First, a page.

European business venturing in times of digitisation - An analysis of for-profit business incubators in a triple helix context

Alexander Brem, Nico Kreusel*, Natalie Roth

*Corresponding author for this work

Research output: Contribution to journalReviewResearchpeer-review

Abstract

Business incubators have been developed as a key component of entrepreneurial activities in countries all over Europe. These incubators have a non-profit or a for-profit profile, with one-third located in Germany. The increased engagement of private business in what was a public-dominated incubation landscape may influence established theoretical frameworks. Within this context, this paper analyses 11 German business incubators to look at the most common types of for-profit business incubators in Germany and their main characteristics. Moreover, it introduces classification criteria for these incubators. Another aspect of the analysis is the effect of the triple helix dimensions of the different incubation types. The results show that two additional types of incubators can be identified in addition to the traditional public business incubator model, namely 'company builders' and 'accelerators'. Implications for research and practice, as well as directions for future research, are also discussed.

Original languageEnglish
JournalInternational Journal of Technology Management
Volume76
Issue number1-2
Pages (from-to)104-136
ISSN0267-5730
DOIs
Publication statusPublished - 2018

Fingerprint

Analog to digital conversion
Profitability
profit
Industry
Particle accelerators
time
Business incubators
Triple helix
Incubator
Incubation
Germany

Keywords

  • Business incubator
  • Business model
  • Business ventures
  • Company builder
  • Digitisation
  • For-profit incubators
  • FPIs
  • Non-profit incubators
  • NPIs
  • Start-up
  • Triple helix
  • University business collaboration

Cite this

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title = "European business venturing in times of digitisation - An analysis of for-profit business incubators in a triple helix context",
abstract = "Business incubators have been developed as a key component of entrepreneurial activities in countries all over Europe. These incubators have a non-profit or a for-profit profile, with one-third located in Germany. The increased engagement of private business in what was a public-dominated incubation landscape may influence established theoretical frameworks. Within this context, this paper analyses 11 German business incubators to look at the most common types of for-profit business incubators in Germany and their main characteristics. Moreover, it introduces classification criteria for these incubators. Another aspect of the analysis is the effect of the triple helix dimensions of the different incubation types. The results show that two additional types of incubators can be identified in addition to the traditional public business incubator model, namely 'company builders' and 'accelerators'. Implications for research and practice, as well as directions for future research, are also discussed.",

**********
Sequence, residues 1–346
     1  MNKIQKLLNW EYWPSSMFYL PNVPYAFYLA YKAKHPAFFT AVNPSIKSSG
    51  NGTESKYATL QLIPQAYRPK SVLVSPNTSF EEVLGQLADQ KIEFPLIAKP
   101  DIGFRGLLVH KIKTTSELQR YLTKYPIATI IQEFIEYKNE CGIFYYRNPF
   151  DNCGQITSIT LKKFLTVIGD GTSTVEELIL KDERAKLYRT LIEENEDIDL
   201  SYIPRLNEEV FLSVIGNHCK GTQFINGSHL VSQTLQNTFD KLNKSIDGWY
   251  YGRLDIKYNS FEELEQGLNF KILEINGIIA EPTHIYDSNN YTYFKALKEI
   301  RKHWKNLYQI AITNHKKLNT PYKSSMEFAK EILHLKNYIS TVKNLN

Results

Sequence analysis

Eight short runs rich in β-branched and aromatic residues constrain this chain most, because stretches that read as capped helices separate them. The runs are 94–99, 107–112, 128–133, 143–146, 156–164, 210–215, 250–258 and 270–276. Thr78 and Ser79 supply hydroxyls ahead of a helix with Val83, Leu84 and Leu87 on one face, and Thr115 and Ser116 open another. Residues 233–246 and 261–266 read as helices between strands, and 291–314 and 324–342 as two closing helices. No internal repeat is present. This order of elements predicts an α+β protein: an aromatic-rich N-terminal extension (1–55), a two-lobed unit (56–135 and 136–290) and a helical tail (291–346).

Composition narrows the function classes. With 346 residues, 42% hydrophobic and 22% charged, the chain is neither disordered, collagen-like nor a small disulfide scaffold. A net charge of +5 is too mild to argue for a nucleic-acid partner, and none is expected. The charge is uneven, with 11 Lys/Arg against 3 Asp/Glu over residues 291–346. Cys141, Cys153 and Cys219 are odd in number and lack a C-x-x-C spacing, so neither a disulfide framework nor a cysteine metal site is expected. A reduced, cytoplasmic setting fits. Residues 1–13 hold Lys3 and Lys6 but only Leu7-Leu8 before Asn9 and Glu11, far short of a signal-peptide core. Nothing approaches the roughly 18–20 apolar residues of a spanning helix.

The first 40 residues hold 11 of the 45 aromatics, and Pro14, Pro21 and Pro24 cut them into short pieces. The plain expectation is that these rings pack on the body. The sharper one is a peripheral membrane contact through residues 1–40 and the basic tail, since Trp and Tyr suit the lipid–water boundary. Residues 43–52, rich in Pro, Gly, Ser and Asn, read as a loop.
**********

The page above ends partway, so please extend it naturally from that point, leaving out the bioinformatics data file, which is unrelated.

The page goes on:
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European business venturing in times of digitisation - An analysis of for-profit business incubators in a triple helix context. / Brem, Alexander; Kreusel, Nico; Roth, Natalie.

In: International Journal of Technology Management, Vol. 76, No. 1-2, 2018, p. 104-136.

Research output: Contribution to journalReviewResearchpeer-review

TY - JOUR

T1 - European business venturing in times of digitisation - An analysis of for-profit business incubators in a triple helix context

AU - Brem, Alexander

AU - Kreusel, Nico

AU - Roth, Natalie

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AB - Business incubators have been developed as a key component of entrepreneurial activities in countries all over Europe. These incubators have a non-profit or a for-profit profile, with one-third located in Germany. The increased engagement of private business in what was a public-dominated incubation landscape may influence established theoretical frameworks. Within this context, this paper analyses 11 German business incubators to look at the most common types of for-profit business incubators in Germany and their main characteristics. Moreover, it introduces classification criteria for these incubators. Another aspect of the analysis is the effect of the triple helix dimensions of the different incubation types. The results show that two additional types of incubators can be identified in addition to the traditional public business incubator model, namely 'company builders' and 'accelerators'. Implications for research and practice, as well as directions for future research, are also discussed.

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